All the old canes of fall-fruiting raspberries like ‘Autumn Bliss’ and ‘Allgold’ can be cut down to ground level in fall and the region around them weeded, taking particular attention to remove perennial weeds. Burn or otherwise discard of the canes as they may be harbouring pests and diseases.
Next month the soil around the roots can be given a dressing of general purpose fertiliser such as chicken or sheep manure pellets or Crowmore to give spring growth a boost and this should be followed up with a generous mulch of well-rotted garden compost or manure to help support humidity during the summer months and to suppress weeds. Cut autumn raspberry canes down to ground level in December and use a mulch around the roots.
Mint dies back in the winter and comes to life again in the spring, so looks pretty forlorn at this time of year. It is usually grown in containers to prevent the creeping stems from taking over the plot, but the roots are so vigorous that they soon fill the compost and plants then become starved and lack vigour.
Lift clumps of mint from the garden or empty them from their containers now and split the clump into small sections, each with some healthy roots. Some can be replanted back into the container in fresh compost and covered with a cloche or placed in a cold frame or cold greenhouse where they will begin to shoot earlier than plants outside come the spring, giving you some early shoots. Of course, if placed in a heated greenhouse they will grow away even more quickly.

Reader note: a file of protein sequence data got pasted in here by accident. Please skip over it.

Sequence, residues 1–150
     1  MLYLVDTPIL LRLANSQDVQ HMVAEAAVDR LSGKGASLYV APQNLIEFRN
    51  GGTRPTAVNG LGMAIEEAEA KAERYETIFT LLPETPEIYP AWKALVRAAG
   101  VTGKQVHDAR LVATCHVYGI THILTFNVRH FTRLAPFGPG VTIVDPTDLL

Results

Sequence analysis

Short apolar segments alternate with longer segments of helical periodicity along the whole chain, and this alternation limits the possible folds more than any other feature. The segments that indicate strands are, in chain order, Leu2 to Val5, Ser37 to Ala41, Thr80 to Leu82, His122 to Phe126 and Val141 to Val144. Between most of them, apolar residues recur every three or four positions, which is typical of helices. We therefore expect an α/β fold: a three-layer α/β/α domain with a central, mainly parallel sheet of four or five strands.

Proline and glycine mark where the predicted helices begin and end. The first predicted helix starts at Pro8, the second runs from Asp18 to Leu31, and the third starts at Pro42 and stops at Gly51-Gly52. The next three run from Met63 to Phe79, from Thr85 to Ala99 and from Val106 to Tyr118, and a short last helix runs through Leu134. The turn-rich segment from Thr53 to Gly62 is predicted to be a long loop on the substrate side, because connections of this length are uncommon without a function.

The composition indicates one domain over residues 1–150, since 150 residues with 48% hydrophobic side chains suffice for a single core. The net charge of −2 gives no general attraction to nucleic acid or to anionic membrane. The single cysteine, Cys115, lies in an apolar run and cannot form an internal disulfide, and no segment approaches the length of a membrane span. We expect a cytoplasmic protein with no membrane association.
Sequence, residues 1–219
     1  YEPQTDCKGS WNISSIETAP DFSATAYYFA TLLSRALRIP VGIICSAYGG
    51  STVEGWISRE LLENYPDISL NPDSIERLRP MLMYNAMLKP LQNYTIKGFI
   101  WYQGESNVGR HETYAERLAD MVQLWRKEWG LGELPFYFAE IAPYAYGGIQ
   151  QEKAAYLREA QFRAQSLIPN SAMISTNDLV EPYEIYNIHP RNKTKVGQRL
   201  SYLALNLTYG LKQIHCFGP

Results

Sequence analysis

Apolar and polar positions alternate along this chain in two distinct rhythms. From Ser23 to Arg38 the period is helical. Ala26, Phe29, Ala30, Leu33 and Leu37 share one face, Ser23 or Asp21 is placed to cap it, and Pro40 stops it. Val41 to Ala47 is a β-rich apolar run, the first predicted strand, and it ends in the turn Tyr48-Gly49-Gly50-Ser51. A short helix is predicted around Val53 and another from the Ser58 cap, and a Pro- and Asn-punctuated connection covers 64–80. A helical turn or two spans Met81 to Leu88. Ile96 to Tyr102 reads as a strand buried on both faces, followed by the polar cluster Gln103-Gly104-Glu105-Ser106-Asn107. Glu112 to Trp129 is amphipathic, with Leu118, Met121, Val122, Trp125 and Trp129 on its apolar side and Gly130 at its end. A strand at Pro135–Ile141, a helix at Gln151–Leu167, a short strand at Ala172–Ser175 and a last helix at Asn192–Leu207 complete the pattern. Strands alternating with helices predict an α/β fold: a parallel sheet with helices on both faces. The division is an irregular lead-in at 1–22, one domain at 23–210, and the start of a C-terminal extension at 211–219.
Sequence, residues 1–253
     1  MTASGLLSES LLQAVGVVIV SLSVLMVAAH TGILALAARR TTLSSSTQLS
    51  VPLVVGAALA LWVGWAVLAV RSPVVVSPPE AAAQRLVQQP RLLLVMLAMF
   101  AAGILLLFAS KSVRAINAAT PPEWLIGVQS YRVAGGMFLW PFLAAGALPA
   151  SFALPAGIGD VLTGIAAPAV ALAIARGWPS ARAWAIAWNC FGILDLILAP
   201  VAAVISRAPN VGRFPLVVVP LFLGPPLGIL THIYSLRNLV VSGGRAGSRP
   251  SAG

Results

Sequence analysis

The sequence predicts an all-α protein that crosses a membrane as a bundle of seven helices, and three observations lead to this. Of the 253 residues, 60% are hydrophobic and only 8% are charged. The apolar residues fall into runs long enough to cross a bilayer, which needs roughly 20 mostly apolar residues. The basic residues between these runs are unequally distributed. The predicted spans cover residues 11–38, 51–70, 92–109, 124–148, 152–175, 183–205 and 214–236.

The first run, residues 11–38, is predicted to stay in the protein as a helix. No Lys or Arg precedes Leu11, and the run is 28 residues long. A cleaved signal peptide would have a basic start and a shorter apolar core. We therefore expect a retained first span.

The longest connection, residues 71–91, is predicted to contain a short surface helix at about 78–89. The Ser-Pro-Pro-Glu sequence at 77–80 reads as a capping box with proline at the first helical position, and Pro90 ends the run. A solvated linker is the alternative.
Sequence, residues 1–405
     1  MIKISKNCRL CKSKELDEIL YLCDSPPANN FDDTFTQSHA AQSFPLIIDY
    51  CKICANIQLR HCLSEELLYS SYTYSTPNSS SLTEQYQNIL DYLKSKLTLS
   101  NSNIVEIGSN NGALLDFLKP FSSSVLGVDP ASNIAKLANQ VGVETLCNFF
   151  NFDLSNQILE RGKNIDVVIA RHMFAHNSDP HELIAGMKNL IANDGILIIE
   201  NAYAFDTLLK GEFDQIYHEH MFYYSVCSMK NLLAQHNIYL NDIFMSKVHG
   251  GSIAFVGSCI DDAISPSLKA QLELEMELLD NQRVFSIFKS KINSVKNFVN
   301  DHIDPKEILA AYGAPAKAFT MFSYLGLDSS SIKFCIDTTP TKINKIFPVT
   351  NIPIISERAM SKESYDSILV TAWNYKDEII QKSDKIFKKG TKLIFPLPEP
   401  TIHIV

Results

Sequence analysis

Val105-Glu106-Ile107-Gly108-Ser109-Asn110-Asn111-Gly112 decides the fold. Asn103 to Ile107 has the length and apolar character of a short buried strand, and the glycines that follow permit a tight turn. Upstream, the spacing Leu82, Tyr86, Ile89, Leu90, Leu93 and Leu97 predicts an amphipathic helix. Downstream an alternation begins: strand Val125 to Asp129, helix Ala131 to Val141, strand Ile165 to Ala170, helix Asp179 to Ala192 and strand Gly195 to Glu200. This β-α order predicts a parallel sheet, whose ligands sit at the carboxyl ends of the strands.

Any plants that you don’t need can be potted and given to friends and family, but do warn them about the plant’s habit of taking over if allowed to do so!
PLANT EARLY PEAS
Peas can be sown direct into well-prepared soil in winter, providing your plot is free-draining and sunny. You are going to need a cloche to cover the rows until the worst of the winter weather has passed. However, if you have a frost-free greenhouse or polytunnel you could start some early harvests now or into deep pots for example Rootrainers.
PREPARE THE GROUND FOR ASPARAGUS
You are able to get a head start by selecting a bright, well-drained site and digging in lots of well-rotted organic matter for example manure or garden compost. Perennial weeds are among the largest difficulties with long-term crops such as this (asparagus should prune well for at least 15 years), so anything you are adding to the land must be weed-free and when making your preparations make sure you remove any weed roots you encounter.
If your soil is very weedy – perhaps you have recently reclaimed a neglected allotment or converted part of the garden for vegetables – it is best to cover the ground for a season with thick ground cover fabric or black polythene to kill the weeds prior to planting.
You could check here more information about autumn gardening.